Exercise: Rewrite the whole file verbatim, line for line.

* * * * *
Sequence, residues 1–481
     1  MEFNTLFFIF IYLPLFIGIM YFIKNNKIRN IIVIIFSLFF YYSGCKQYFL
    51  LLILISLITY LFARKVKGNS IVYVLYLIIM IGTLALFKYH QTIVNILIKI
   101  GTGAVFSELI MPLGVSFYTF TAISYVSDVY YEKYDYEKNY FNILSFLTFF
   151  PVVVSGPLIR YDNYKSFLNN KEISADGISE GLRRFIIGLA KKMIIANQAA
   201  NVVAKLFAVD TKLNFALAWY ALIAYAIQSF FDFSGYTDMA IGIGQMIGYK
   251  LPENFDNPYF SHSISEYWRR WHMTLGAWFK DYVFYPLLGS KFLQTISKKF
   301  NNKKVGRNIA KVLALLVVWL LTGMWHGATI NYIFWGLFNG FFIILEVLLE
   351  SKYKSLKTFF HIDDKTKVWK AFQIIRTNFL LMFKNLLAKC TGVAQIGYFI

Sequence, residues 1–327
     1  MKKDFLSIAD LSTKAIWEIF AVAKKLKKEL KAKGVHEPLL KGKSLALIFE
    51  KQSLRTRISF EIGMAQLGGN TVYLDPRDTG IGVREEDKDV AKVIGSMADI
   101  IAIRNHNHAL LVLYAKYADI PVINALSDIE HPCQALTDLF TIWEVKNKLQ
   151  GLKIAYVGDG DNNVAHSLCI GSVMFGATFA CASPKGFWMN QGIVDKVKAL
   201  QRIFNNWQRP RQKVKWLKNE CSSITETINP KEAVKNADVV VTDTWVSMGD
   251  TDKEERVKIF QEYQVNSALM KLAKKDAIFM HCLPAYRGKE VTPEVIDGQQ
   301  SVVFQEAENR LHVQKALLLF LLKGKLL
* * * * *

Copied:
Sequence, residues 1–481
     1  MEFNTLFFIF IYLPLFIGIM YFIKNNKIRN IIVIIFSLFF YYSGCKQYFL
    51  LLILISLITY LFARKVKGNS IVYVLYLIIM IGTLALFKYH QTIVNILIKI
   101  GTGAVFSELI MPLGVSFYTF TAISYVSDVY YEKYDYEKNY FNILSFLTFF
   151  PVVVSGPLIR YDNYKSFLNN KEISADGISE GLRRFIIGLA KKMIIANQAA
   201  NVVAKLFAVD TKLNFALAWY ALIAYAIQSF FDFSGYTDMA IGIGQMIGYK
   251  LPENFDNPYF SHSISEYWRR WHMTLGAWFK DYVFYPLLGS KFLQTISKKF
   301  NNKKVGRNIA KVLALLVVWL LTGMWHGATI NYIFWGLFNG FFIILEVLLE
   351  SKYKSLKTFF HIDDKTKVWK AFQIIRTNFL LMFKNLLAKC TGVAQIGYFI

Sequence, residues 1–327
     1  MKKDFLSIAD LSTKAIWEIF AVAKKLKKEL KAKGVHEPLL KGKSLALIFE
    51  KQSLRTRISF EIGMAQLGGN TVYLDPRDTG IGVREEDKDV AKVIGSMADI
   101  IAIRNHNHAL LVLYAKYADI PVINALSDIE HPCQALTDLF TIWEVKNKLQ
   151  GLKIAYVGDG DNNVAHSLCI GSVMFGATFA CASPKGFWMN QGIVDKVKAL
   201  QRIFNNWQRP RQKVKWLKNE CSSITETINP KEAVKNADVV VTDTWVSMGD
   251  TDKEERVKIF QEYQVNSALM KLAKKDAIFM HCLPAYRGKE VTPEVIDGQQ
   301  SVVFQEAENR LHVQKALLLF LLKGKLL